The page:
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  • Open Access

Blood transfusion during cardiac surgery dose-dependently stimulates inflammation and coagulopathy in the lung: a case-control study

  • 1,
  • 1,
  • 2,
  • 1,
  • 1,
  • 1,
  • 2,
  • 1,
  • 2 and
  • 1
Critical Care201115 (Suppl 1) :P427

https://doi.org/10.1186/cc9847

  • Published:

Keywords

  • Blood Transfusion
  • Plasminogen Activator
  • Acute Lung Injury
  • Bronchoalveolar Lavage
  • Bronchoalveolar Lavage Fluid

Introduction

Blood transfusion is associated with increased morbidity and mortality in cardiac surgery patients, but the cause and effect relation remains unknown. We hypothesized that blood transfusion is associated with changes in pulmonary and systemic inflammation and coagulopathy, occurring in patients who do not meet the clinical diagnosis of transfusion-related acute lung injury (TRALI).

Methods

We performed a case-control study in an ICU of a university hospital. Cardiac surgery patients were grouped as having received no transfusion (n = 17), restrictive transfusion (1 to 2 units) (n = 18) or multiple transfusions (≥5 units) (n = 10). Bronchoalveolar lavage fluid (BALF) and blood were obtained postoperatively. Data are presented as median (IQR).

Results

Restrictive transfusion increased BALF levels of IL-1β compared with nontransfused controls (P < 0.05), and levels were further enhanced by multiple transfusion (P < 0.01; 2.9 (9.4) vs. 9.5 (35) vs. 15 (148) pg/ml, respectively). BALF levels of IL-8, TNFα and thrombin-antithrombin complex (TATc) were increased after multiple transfusion compared with nontransfused controls (P < 0.01, P < 0.001 and P < 0.01 respectively), but not after restrictive transfusion. Restrictive transfusion was associated with increased pulmonary levels of plasminogen activator inhibitor-1 compared with nontransfused controls with a further increase after multiple transfusions (P < 0.001; 3.4 (1.2) vs. 4.4 (1.4) vs. 6.3 (2.5) ng/ml, respectively). Concomitantly, levels of plasminogen activator activity (PAA%) were lower (P < 0.001; 42 (6.5) vs. 34 (6.5) vs. 32 (7.8)%, respectively), indicating impaired fibrinolysis. In the systemic compartment, transfusion was associated with a significant increase in levels of TNFα, TATc and PAA (P < 0.05).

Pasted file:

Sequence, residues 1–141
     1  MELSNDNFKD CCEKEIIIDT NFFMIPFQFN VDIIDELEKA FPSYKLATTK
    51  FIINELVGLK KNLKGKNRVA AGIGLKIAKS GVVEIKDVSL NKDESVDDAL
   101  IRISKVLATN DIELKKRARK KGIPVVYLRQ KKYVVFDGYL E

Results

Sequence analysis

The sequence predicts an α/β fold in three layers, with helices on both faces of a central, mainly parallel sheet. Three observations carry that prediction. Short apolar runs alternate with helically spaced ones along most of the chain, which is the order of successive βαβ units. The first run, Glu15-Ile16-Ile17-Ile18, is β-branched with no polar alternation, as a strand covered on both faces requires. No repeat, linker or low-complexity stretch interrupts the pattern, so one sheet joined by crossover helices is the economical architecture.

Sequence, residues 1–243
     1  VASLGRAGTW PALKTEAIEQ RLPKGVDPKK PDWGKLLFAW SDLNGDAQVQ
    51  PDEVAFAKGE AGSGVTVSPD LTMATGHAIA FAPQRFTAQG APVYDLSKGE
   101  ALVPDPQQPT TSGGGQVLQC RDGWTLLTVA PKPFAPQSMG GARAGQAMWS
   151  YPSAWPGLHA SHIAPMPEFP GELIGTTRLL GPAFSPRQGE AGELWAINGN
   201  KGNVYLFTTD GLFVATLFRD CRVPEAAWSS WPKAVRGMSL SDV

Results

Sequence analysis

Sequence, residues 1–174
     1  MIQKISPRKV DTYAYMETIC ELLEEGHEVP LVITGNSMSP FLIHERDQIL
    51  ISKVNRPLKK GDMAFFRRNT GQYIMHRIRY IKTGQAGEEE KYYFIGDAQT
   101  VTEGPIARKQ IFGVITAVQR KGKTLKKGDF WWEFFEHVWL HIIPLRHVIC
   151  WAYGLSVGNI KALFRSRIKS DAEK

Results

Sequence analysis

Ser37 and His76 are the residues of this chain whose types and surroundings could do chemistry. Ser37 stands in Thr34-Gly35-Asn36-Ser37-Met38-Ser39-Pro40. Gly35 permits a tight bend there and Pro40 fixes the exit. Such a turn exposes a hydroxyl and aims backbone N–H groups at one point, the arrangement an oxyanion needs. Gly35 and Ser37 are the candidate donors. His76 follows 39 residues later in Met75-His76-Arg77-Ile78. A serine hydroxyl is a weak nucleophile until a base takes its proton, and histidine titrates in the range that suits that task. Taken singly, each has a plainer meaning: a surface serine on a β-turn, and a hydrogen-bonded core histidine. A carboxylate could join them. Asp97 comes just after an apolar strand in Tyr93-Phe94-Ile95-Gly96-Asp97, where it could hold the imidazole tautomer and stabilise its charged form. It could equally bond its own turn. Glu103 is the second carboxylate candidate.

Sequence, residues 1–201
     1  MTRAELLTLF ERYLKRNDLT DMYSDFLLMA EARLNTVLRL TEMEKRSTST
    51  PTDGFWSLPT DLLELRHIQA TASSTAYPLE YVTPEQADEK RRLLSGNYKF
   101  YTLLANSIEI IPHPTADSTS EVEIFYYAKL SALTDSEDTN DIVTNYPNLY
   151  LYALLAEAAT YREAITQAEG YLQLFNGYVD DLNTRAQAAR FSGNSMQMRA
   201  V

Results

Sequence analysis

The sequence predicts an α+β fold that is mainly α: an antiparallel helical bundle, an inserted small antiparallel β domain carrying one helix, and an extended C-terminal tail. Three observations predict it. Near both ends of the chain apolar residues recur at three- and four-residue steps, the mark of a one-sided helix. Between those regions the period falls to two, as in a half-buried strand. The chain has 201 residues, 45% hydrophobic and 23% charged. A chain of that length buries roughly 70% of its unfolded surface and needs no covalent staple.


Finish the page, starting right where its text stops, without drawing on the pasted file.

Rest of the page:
Conclusions

Transfusion during cardiac surgery is associated with activation of inflammation and coagulation in the pulmonary compartment of patients who do not meet TRALI criteria, an effect that was partly dose dependent, suggesting transfusion as mediator of acute lung injury. These pulmonary changes were accompanied by systemic coagulopathy.

Authors’ Affiliations

(1)
Academic Medical Center, Amsterdam, the Netherlands
(2)
VU University Medical Center, Amsterdam, the Netherlands

Copyright

© Tuinman et al. 2011

This article is published under license to BioMed Central Ltd. This is an Open Access article distributed under the terms of the Creative Commons Attribution License (http://creativecommons.org/licenses/by/2.0), which permits unrestricted use, distribution, and reproduction in any medium, provided the original work is properly cited.

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